Radio Remote-Control and Telemetry and Their Application to Missiles - 1st Edition - ISBN: 9781483200866, 9781483225890

Radio Remote-Control and Telemetry and Their Application to Missiles

1st Edition

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Authors: Jean Marcus
eBook ISBN: 9781483225890
Imprint: Pergamon
Published Date: 1st January 1966
Page Count: 270
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Radio Remote-Control and Telemetry and their Application to Missiles provide information pertinent to the developments in the design of remote-control and telemetry equipment. This book discusses the problems that occur in remote-control and telemetry, together with various methods that have been used to solve them, in the field of missiles.

Organized into nine chapters, this book begins with an overview of the various types of modulation. This text then examines the nature of information and coding, which is intended as a means of gaining a logical grasp of the phenomena in general. Other chapters consider the problems of propagation and of aerials, which are important topics when the rocket is intended not only to reach great distances, but to follow different flight paths and altitudes. The final chapter deals with the devices for remote-control and telemetry.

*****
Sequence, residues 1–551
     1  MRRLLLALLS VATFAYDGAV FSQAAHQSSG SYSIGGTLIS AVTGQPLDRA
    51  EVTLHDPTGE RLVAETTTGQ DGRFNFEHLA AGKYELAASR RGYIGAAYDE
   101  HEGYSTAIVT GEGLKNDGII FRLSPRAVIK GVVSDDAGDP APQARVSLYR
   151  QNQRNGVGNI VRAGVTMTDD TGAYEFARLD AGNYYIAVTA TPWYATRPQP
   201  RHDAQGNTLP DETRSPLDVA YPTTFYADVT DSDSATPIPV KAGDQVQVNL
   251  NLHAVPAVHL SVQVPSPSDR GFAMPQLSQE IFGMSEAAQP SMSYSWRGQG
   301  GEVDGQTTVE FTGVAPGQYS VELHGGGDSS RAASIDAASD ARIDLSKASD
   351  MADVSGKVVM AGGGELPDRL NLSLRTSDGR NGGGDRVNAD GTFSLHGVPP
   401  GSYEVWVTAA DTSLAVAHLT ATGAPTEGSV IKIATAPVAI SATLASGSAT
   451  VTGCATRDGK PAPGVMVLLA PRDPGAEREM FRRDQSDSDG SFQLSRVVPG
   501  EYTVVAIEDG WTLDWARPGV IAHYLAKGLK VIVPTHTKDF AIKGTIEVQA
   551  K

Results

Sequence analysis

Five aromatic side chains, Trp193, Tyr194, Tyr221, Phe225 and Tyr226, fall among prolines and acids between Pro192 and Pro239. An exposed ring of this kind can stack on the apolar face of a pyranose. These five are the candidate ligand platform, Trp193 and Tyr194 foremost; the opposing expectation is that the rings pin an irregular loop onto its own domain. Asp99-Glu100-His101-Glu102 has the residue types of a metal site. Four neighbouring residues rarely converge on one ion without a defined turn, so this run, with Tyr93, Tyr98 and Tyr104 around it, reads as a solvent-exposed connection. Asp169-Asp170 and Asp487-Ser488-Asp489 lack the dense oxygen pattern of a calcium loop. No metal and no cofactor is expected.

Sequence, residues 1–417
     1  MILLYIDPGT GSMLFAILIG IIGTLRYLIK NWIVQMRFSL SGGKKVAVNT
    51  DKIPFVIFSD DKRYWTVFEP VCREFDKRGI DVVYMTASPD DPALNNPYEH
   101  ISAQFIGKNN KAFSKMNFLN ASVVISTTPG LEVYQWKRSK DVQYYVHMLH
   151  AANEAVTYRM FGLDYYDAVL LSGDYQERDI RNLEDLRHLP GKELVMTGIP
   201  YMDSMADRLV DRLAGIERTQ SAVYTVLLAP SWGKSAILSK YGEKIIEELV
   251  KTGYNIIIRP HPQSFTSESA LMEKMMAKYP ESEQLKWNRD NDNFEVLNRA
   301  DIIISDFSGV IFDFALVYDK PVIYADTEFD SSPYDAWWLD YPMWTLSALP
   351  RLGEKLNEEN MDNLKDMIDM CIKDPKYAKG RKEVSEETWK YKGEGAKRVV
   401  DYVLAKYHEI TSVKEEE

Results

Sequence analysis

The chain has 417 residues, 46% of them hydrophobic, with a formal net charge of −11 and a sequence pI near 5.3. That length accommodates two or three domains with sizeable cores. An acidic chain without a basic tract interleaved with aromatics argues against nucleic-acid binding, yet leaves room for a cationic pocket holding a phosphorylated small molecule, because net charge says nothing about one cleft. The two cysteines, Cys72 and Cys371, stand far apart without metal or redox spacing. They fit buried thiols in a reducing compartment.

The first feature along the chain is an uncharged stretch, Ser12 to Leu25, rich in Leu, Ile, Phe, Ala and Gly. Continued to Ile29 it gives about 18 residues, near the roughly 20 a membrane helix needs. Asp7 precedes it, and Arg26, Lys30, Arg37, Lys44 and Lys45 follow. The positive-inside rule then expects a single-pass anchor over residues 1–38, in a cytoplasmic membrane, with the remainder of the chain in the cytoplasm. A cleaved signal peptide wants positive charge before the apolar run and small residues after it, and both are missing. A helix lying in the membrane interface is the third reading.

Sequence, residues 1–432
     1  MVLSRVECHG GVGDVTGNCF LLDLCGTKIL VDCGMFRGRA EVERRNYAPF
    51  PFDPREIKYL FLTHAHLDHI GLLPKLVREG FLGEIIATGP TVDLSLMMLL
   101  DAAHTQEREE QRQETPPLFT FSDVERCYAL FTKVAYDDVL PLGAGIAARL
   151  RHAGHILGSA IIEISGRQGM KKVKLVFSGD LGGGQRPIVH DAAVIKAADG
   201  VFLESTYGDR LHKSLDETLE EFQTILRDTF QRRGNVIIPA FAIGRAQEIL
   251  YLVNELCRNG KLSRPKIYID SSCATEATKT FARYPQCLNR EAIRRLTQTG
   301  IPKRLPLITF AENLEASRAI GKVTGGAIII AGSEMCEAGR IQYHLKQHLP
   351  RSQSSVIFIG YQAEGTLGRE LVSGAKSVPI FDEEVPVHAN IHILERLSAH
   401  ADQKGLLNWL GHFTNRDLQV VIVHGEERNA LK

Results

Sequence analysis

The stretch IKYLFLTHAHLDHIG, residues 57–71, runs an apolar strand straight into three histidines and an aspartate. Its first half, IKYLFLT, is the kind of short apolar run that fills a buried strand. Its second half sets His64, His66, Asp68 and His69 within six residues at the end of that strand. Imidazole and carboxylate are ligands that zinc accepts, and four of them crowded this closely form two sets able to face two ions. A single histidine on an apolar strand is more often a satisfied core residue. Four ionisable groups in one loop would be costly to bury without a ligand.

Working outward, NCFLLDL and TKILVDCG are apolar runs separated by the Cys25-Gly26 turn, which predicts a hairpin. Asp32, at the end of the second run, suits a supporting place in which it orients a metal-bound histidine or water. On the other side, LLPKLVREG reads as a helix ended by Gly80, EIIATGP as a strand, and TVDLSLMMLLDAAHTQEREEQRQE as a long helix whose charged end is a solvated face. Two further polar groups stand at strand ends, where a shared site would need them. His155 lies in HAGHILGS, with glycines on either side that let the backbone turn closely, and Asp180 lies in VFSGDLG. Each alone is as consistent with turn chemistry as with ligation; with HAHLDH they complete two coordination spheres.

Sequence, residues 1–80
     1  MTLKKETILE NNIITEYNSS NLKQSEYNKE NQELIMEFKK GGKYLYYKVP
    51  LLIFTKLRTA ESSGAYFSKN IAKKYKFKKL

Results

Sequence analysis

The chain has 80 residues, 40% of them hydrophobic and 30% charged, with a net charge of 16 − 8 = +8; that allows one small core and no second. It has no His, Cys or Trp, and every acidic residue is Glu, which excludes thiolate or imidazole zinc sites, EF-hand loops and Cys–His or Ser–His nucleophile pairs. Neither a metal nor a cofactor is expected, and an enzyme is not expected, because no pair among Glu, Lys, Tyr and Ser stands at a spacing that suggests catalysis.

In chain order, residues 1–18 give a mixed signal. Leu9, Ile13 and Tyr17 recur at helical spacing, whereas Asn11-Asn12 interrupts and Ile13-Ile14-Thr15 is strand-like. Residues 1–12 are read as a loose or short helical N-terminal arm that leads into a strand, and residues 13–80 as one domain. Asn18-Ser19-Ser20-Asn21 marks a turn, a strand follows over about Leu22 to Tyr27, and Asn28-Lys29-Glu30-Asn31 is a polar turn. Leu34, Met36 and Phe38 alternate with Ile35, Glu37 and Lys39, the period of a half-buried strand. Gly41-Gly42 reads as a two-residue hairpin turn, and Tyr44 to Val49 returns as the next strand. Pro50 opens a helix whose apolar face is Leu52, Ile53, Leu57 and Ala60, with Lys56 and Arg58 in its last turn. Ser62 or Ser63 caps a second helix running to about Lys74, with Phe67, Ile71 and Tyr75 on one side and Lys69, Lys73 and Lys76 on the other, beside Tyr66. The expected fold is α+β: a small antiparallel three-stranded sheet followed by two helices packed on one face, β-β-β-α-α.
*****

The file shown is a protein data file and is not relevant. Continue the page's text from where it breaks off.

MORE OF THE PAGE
This book is a valuable resource for electronics and radio engineers as well as for technicians.

Table of Contents

Chapter I. General Remarks

1. The Different Types of Special Missile

2. The Missile Guidance Problem

3. General Remarks About the Requirements of the Electrical Equipment

4. The Sources of Error and their Effects

5. Limitations of Weight and Bulk

Chapter II. The Different Types of Modulation

1. Amplitude Modulation (AM)

1.1. Analytic Expressions and General Characteristics

1.2. The Spectrum of an AM Wave

1.3. The Production Of AM Waves

1.4. Detection of an AM Wave

1.5. Some Remarks on AM Modulation with a Single Sideband (SSB)

2. Frequency Modulation and Phase Modulation

2.1. Analytic Expressions and General Features

2.2. The Production of Frequency-Modulated Waves and Phase-Modulated Waves

2.3. Reception of FM And PM Waves

3. Pulse Modulation

3.1. The Spectrum of a Train of Pulses. The Case of Modulated Pulses

3.2. Bandwidth

3.3. Modulation of the Pulses

4. Coded Modulation (PCM)

4.1. Evaluation of the Bandwidth in PCM

4.2. Synchronization

4.3. Transmission

4.4. The Receiver

Appendix: Gaussian Pulses